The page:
The Beast in the Jungle


Henry James

Teachers and parents! Struggling with distance learning? Our Teacher Edition on The Beast in the Jungle can help.

The Mourner Character Analysis

After May Bartram dies, John Marcher habitually visits her grave and one day encounters a strange mourner at the cemetery, who is grieving for some unknown person. Marcher and the mourner, a middle-aged man, make eye contact with one another, and the mourner visibly demonstrates his deep grief to Marcher with a glance. It’s not clear why he does so, though Marcher speculates that the mourner might have previously seen Marcher at the cemetery and either wants sympathy or wants to prove that his own grief is deeper than Marcher’s. This short moment of contact and connection makes Marcher envious, as he realizes that he never felt as passionate about anyone as the mourner clearly feels about his lost loved one. Marcher then realizes that his fate—which he spent the novella stressing about—is to live a life without love or passion. The mourner therefore hints at the kind of emotional and fulfilled person Marcher could have been if he hadn’t spent his life repressing his emotions and anticipating a distant fate.

The Mourner Quotes in The Beast in the Jungle

The The Beast in the Jungle quotes below are all either spoken by The Mourner or refer to The Mourner. For each quote, you can also see the other characters and themes related to it (each theme is indicated by its own dot and icon, like this one:
Fate and Failure Theme Icon
Chapter 6 Quotes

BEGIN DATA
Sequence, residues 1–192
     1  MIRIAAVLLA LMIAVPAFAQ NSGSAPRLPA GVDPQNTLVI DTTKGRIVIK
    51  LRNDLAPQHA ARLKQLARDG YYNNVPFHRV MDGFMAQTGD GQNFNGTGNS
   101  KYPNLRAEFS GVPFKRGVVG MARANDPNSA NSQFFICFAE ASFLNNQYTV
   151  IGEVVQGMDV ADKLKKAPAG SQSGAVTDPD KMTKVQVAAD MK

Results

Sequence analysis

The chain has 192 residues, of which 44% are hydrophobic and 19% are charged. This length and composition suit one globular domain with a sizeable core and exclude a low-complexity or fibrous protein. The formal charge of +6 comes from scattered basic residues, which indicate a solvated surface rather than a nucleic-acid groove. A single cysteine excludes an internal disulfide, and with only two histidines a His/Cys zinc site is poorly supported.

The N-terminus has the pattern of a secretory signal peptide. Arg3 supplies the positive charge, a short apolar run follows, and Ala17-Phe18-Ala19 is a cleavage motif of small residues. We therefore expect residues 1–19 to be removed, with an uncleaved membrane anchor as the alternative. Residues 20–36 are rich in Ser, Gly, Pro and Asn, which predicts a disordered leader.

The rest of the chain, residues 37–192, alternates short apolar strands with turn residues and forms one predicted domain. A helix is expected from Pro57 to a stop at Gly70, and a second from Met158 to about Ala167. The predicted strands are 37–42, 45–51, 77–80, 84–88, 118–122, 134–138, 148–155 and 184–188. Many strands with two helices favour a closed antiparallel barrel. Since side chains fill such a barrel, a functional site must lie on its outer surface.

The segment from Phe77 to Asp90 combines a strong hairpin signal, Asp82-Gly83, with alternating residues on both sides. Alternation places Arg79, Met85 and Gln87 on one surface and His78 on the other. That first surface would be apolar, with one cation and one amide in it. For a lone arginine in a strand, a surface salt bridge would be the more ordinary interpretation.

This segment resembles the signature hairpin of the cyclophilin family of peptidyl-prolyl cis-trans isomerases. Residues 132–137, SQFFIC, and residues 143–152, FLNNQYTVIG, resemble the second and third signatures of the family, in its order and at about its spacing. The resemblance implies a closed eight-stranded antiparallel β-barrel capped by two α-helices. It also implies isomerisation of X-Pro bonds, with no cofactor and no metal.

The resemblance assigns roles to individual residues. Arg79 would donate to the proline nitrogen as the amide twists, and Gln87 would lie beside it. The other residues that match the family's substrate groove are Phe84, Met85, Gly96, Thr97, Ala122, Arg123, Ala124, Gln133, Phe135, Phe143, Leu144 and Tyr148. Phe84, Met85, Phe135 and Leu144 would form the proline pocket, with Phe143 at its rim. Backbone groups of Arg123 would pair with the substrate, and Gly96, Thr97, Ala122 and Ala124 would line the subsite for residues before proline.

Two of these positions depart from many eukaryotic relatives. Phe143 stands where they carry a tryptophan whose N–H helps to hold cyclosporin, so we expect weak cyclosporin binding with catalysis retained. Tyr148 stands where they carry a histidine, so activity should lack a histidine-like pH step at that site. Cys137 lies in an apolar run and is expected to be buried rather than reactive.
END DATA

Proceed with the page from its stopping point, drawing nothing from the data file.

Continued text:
This brought him close, and his pace, was slow, so that—and all the more as there was a kind of hunger in his look—the two men were for a minute directly confronted. Marcher knew him at once for one of the deeply stricken—a perception so sharp that nothing else in the picture comparatively lived, neither his dress, his age, nor his presumable character and class; nothing lived but the deep ravage of the features that he showed. He showed them—that was the point; he was moved, as he passed, by some impulse that was either a signal for sympathy or, more possibly, a challenge to an opposed sorrow. He might already have been aware of our friend, might at some previous hour have noticed in him the smooth habit of the scene, with which the state of his own senses so scantly consorted, and might thereby have been stirred as by an overt discord. […] What had the man had, to make him by the loss of it so bleed and yet live?

Related Characters: John Marcher, The Mourner, May Bartram
Page Number: 69
Explanation and Analysis:
Get the entire The Beast in the Jungle LitChart as a printable PDF.
The Beast in the Jungle PDF

The Mourner Character Timeline in The Beast in the Jungle

The timeline below shows where the character The Mourner appears in The Beast in the Jungle. The colored dots and icons indicate which themes are associated with that appearance.
Chapter 6
Fate and Failure Theme Icon
Understanding and Connection Theme Icon
...incident had never occurred, everything still would have changed. One fall day, Marcher notices another mourner at the cemetery, a middle-aged man staring at a fresh grave. Marcher is feeling particularly... (full context)
Understanding and Connection Theme Icon
At that moment, the other mourner walks past Marcher to reach the cemetery gates, and because he’s walking slowly, the two... (full context)
Understanding and Connection Theme Icon
Love and Loss Theme Icon
As the mourner leaves the cemetery, Marcher realizes that he’s jealous of the mourner. He wonders what the... (full context)